I went through and compared the SP I used over the past few days to the best SP over the same period. Since DD is a two SP site, my strategy is either to use one ace and one mid-low tier SP, or two top tier SP (usually when the top tier is lacking a true ace). So for example, I rolled out Clayton Kershaw with Jeremy Hellickson, Jake Arrieta with Gio Gonzalez, Scott Kazmir with Eric Stults, and Yu Darvish with Bartolo Colon. Only the Kazmir/Stults lineup was an across the board loser. In that slate, a Hyun-jin Ryu with Mike Minor lineup would have been ideal. Last night, while my Colon/Darvish duo did great, I could have saved a lot of money going with the optimal pair of R.A. Dickey and Vince Worley.

I think the bottom line is this. Paying up for SP is usually going to yield positive results and keep you in the game. Obviously even aces have bad games as I'm sure we've all been torched by nightmare inducing performances from Steven Strasburg, Jordan Zimmerman, Adam Wainwright, and as recently as Monday night, Madison Bumgarner. But by and large, the aces are expensive for a reason and that reason is a combination of their high, CGSO upside and their high 5 IP 2K, 3 ER floors.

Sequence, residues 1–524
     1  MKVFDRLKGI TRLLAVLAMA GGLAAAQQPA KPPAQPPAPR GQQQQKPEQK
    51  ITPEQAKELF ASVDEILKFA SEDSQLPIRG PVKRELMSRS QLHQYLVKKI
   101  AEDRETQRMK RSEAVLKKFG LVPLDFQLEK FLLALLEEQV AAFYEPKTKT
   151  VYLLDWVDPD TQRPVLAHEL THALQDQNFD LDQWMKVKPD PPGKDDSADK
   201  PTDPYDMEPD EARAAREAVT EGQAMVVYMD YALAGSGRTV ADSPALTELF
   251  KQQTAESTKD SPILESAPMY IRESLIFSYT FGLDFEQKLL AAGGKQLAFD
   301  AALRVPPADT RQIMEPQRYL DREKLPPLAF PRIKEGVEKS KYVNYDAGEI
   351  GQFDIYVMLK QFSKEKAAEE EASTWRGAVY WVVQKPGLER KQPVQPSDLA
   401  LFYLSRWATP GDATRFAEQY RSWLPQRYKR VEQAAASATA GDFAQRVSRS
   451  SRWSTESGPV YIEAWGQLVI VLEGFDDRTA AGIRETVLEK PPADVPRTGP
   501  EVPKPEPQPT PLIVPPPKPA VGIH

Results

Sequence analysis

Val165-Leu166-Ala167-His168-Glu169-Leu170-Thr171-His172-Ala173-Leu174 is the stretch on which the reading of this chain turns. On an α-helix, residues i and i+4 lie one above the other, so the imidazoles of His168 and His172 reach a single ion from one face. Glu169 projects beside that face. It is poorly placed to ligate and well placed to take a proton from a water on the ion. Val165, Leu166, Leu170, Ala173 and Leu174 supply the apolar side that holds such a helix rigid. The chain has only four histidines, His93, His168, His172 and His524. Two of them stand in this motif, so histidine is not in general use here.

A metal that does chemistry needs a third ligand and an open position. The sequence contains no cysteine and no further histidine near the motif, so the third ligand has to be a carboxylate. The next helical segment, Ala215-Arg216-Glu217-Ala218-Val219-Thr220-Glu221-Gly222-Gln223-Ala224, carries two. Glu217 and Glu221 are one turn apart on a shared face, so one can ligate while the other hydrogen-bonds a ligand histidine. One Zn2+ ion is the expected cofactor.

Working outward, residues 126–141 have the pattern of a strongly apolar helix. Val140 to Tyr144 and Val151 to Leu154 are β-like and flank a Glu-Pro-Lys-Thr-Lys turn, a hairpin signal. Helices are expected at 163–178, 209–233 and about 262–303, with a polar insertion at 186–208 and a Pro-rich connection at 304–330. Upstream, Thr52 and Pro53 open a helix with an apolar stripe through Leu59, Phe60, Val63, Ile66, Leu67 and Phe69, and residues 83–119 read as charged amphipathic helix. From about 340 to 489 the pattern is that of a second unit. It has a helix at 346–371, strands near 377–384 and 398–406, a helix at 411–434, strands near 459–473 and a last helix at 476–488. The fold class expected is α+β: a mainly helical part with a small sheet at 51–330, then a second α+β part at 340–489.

There will always be a cheap SP that goes off, but predicting that is very hard to do. I throw darts at likely targets in satellites, freerolls, or other cheap multi-entry games. Sometimes you get Vince Worley or Yohan Flande, sometimes you get Clay Buchholz or Nathan Eovaldi. I still lean on the side of paying for pitching in your cash games.

3) What pitching data correlates best with DFS points?

If you read my strategy articles regularly, you know I love the advanced stats from FanGraphs. I was checking out their top pitchers ranked by different stats, as I am prone to do (see last week's ISO article for corner infielders), to see how they match the daily fantasy point rankings on my favorite DFS sites.